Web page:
Academic journal article Management International Review

Mode of International Entry: The Advantages of Multilevel Methods

Academic journal article Management International Review

Mode of International Entry: The Advantages of Multilevel Methods

Article excerpt

Abstract and Key Results

* International strategy empirical research on the mode of entry has typically overlooked the multilevel nature of this question and relied on non-multilevel quantitative methods. This creates important conceptual and statistical limitations. We examine such drawbacks by explaining the multilevel nature of this research question and the necessity to use multilevel methods.

* As an illustration, we develop a multilevel model and run a multilevel Bernoulli analysis to analyze the determinants of modes of entry, using a dataset on Japanese Foreign Direct Investment. Its results are compared to those of the dominant statistical method used in International Management for this topic: logistic regression.

* Research on mode of international entry has a clear conceptual and empirical multilevel dimension. Non-multilevel quantitative methods limit the conceptual development of this research and have negative statistical consequences that pose a risk for the validity and robustness of the results. In contrast, multilevel quantitative methods provide benefits when incorporating them for research on the selection of an entry mode. This has important methodological implications for future quantitative research on this topic.

Key Words

Entry mode, Bernoulli analysis, multilevel methods, FDI

Introduction

The selection of an appropriate mode of entry in foreign markets is a critical issue in International Business. Research on this issue has proliferated (for a review, see Reus/Ritchie III 2004). Conceptual articles have proposed multidimensional and hierarchical models of market entry modes (Pan/Tse 2000). Empirical articles on the choice between an international joint venture (IJV) and a wholly owned subsidiary (WOS) for foreign direct investment (FDI) have investigated numerous predictors (e.g., Brouthers 2002, Guillen 2003, Harzing 2002, Lu 2002, Pak/Park 2004, Yiu/Makino 2002). According to these authors, a decision to implement a WOS or a JV can be explained by FDI-level variables, depending on the FDI's country and industry, but also by parent firm-level variables such as its international experience, size, or advertising intensity. Similarly, from their extensive review of the IJV literature, Reus and Ritchie III (2004, p. 369) consider three levels of analysis for IJV: interpartner, parent, and environmental.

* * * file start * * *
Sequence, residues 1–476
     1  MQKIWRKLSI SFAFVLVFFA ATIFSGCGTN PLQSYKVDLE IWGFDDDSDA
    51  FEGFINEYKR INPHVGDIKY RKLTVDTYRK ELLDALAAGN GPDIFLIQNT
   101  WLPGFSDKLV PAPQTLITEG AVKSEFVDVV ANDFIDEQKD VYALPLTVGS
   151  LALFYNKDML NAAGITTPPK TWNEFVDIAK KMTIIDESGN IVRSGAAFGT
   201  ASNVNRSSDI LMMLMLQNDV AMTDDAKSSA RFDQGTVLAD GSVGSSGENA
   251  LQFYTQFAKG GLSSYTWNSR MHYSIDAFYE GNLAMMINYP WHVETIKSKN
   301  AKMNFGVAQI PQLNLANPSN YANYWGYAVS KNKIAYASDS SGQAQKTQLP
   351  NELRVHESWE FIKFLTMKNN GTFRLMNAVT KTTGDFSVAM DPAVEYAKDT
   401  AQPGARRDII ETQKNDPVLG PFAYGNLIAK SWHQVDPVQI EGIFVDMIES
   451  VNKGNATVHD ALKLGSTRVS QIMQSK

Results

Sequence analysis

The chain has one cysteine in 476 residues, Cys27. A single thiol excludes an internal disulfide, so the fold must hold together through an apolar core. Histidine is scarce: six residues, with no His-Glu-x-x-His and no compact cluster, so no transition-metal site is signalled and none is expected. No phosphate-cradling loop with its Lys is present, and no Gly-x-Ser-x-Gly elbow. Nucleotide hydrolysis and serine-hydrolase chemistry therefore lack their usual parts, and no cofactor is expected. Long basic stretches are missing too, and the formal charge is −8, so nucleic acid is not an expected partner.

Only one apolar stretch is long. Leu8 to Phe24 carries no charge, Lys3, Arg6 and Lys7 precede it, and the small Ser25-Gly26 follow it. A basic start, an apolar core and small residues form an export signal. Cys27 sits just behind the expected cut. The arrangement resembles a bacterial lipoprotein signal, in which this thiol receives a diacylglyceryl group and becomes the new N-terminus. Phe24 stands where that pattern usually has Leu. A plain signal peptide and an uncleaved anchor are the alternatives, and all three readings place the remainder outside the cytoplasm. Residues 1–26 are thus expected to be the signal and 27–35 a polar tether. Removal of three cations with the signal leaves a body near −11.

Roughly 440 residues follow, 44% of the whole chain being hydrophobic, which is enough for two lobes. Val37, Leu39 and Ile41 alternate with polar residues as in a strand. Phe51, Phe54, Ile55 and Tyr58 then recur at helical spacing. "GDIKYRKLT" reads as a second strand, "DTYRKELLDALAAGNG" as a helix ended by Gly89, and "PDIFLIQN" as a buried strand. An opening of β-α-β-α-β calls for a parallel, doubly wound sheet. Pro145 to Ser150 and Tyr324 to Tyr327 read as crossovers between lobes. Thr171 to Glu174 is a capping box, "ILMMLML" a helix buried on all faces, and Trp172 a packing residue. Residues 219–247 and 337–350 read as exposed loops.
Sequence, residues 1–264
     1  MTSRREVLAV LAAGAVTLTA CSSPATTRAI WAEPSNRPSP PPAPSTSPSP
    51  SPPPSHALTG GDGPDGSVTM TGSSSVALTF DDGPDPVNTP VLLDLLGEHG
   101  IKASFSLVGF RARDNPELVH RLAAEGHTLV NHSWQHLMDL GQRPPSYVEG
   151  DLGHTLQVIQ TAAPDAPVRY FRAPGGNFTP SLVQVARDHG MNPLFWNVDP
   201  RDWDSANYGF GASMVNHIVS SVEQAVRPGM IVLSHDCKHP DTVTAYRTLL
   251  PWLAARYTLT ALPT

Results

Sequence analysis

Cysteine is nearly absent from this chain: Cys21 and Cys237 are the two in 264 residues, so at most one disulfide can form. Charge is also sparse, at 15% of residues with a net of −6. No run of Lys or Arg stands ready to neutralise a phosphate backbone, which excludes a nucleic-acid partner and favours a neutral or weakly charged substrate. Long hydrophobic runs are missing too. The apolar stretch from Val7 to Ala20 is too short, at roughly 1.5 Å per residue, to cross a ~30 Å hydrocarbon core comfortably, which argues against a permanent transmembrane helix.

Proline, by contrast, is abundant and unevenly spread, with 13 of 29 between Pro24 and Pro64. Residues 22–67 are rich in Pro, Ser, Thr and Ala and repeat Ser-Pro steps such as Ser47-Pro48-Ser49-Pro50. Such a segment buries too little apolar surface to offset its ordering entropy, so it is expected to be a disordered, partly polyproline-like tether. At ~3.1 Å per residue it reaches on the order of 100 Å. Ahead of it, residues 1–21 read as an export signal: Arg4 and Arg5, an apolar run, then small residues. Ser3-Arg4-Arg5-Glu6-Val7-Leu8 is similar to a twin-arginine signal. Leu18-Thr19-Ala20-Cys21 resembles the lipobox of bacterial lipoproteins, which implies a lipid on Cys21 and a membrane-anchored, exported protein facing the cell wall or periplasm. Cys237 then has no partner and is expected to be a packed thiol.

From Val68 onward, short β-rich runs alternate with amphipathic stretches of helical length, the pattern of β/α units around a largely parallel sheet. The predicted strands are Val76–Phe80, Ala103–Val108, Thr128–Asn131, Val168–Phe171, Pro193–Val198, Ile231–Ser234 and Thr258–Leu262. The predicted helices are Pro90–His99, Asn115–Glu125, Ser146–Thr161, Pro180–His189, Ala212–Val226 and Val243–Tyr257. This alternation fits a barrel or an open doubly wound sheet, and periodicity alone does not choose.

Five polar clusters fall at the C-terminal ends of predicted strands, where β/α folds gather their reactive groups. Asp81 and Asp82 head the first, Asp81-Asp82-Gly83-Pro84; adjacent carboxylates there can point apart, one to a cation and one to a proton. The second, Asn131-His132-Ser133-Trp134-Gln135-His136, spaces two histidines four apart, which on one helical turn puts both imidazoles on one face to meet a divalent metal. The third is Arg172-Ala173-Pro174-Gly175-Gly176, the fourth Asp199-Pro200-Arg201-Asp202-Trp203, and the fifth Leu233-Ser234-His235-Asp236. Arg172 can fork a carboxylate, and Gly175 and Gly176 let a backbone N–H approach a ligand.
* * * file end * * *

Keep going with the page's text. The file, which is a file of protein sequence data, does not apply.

Therefore, decisions about the mode of entry for FDI appear to be a multilevel phenomenon: explanations will come from FDI-level variables, parent firm-level variables and the interactions of both. Yet, studies sometimes mix or confuse these levels of analysis. Usually, their findings are derived from non-multilevel analyses such as logistic regressions. They implicitly present multilevel conceptual models with variables measured at two different levels (parent firm, FDI) but ignore this multilevel dimension in their data analysis method. As a consequence, there is a lack of actual multi-level research and such type of study must be developed (Reus/Ritchie III 2004).

This omission can have important consequences for our understanding of the determinants of the entry mode decisions as well as for the validity and robustness of the empirical evidence presented in the entry mode literature. Firstly, it constrains the conceptual development of more comprehensive models looking at level-1, level-2 variables, and their interactions (Bryk/Raudenbush 1992, Reus/Ritchie III 2004). Secondly, it involves potential statistical problems of disaggregation, intra-class correlation, and misestimated precision (Barcikowksi 1981, Bliese/Hanges 2004, Bryk/Raudenbush 1992, Hox 1997). Because a parent firm can have multiple FDIs, these FDIs cannot be considered as independent and the data structure is hierarchical. This situation may create methodological problems well recognized in the multilevel models literature (e.g., Bliese/Hanges 2004). …

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